7 May

My best friend is a diabetic. Offer her a pastry and she is quick to tell you about her condition where sweets are a No – No.

Not just her, but all of us are comfortable and even very forthright when it comes to discussing our physical ailments.

The listener too is empathetic and compassionate when told about a broken hand, a gall bladder surgery or any other physical ailment that warrants attention, treatment and adequate care.

Talking of Mental Health is another matter altogether.

Firstly, very few people want to talk about it. They are embarrassed about what is happening and how their peers or loved ones will react to it.

Guilt is another emotion they go through; some feel they have let down their near and dear ones. I once met a middle aged man who was grappling with depression and couldn’t tell his family about it, as he thought, that he who was supposed to be their protector would be betraying their trust by talking of his distress.

In many societies having a mental health issue is seen as a kind of personal weakness.  Phrases like …’Just get over it’; ‘Look on the bright side’, Strategies to work on willpower and other well meaning nuggets of advice are freely dispensed to the person who dares to share his/her dilemma with someone.

Then there is the fear of being discriminated or even losing one’s job if they exhibit the nerve to discuss their anguish.

At times symptoms of the illness may terrify some, and even talking about them can be difficult.

No wonder Mental Health issues are kept under wraps – like it is some secret society that spreads its power on the weak, who crumble under its hold.

We are accepting of a fracture in any part of our body except our brain.

There is discomfort, shame and stigma attached to any discussion on matters pertaining to mental health. As a result, many people do not reach out for help even when they are suffering for the fear of being mocked or not understood.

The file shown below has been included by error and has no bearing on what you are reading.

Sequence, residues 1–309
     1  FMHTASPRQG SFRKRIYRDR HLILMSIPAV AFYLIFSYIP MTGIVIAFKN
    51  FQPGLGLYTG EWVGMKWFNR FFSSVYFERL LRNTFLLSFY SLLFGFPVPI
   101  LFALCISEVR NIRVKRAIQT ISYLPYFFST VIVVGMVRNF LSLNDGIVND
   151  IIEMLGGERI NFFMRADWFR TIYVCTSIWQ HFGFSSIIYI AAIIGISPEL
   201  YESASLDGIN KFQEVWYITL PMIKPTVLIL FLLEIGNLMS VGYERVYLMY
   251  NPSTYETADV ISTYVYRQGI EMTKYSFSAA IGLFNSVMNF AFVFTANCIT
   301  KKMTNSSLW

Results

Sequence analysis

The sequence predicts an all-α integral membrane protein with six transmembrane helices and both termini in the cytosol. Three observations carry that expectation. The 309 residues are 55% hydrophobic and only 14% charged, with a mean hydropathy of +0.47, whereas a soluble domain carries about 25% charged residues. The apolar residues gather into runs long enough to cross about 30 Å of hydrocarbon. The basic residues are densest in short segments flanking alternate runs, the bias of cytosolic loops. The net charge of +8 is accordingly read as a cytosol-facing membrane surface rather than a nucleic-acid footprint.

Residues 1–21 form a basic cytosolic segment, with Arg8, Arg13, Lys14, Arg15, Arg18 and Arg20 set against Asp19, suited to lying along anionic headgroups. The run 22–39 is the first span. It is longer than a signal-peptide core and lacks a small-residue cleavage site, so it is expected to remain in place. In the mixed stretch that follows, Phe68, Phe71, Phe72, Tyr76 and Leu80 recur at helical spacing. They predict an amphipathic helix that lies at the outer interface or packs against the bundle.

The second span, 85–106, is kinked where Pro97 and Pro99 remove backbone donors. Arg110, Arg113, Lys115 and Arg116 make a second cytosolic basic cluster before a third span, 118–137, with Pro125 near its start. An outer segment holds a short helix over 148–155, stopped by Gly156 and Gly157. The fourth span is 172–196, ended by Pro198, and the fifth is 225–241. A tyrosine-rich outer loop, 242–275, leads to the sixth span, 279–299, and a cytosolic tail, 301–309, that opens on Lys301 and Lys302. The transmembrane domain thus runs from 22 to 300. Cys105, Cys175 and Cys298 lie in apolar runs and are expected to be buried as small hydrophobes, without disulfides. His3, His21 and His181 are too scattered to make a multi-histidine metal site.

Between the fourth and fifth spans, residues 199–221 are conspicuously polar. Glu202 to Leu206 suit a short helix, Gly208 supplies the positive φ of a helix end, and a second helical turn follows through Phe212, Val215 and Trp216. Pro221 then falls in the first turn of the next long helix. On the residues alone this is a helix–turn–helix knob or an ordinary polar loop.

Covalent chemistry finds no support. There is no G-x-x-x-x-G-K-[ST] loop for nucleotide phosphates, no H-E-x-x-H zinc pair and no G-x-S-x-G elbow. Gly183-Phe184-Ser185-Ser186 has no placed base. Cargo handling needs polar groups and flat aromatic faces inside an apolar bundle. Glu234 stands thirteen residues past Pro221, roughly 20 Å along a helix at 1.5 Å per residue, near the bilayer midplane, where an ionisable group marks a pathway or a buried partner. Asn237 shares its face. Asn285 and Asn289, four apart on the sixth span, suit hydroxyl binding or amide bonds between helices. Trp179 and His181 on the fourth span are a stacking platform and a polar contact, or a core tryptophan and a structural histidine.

Its time we take charge of our well-being.

Mental illness is a problem that can affect anyone.

At some stage in our lifetime, it is possible that we may experience depression related to the loss of a loved one or the anxiety associated with the diagnosis of a terminal illness or eating disorders or more severe ones like schizophrenia etc.  It could happen to someone we care about. Leaving the problem untreated only makes the issue get worse.

Talking about your issue is the best thing you can do for yourself. Once you accept that you need help, its like a burden off your shoulders and you are more receptive to seeking and using the right kind of help.

The fear and stigma that surrounds mental illnesses is surmountable only if each and every one can talk about mental health issues like depression or suicide with the same openness as they would discuss a physical issue like diabetes, Hypertension or Cancer

These conversations on mental health issues can happen at any place- homes, workplace, schools, places of worship, cafes.  Through these conversations we will be able to –

  • sensitize the community about the need to treat these issues with sensitivity and empathy
  • Inform people that those with psychological issues are not incompetent or weak or dangerous. They have an issue, which with the right kind of treatment, will be manageable. The issue is not their identity.
  • Apprise the men that Mental health issues can affect anyone at any age, of any sex or race. Men need not see it as a sign of weakness.
  • Show those suffering concern and willingness to help. Just as you don’t blame someone for having hypertension or ask a diabetic why he needs to take his insulin, similarly you don’t blame those who suffer from mental illness for their lack of will or optimism; Instead direct them to avenues where help is available.
  • Validate the struggles of the suffering and encourage them to talk about their strife without the weight of judgment.
  • Challenge and educate people who are misinformed or talk negatively about mental health conditions.
  • Increase awareness about Organizations and hotlines that provide support and treatment for various mental health disorders.

Everyone deserves to live their life to the fullest.

When we openly talk of mental health issues, support those going through them and ensure they get the treatment and the empathy they deserve; Only then can we pull down those invisible walls behind which countless people feel isolated, lonely and suffer silently.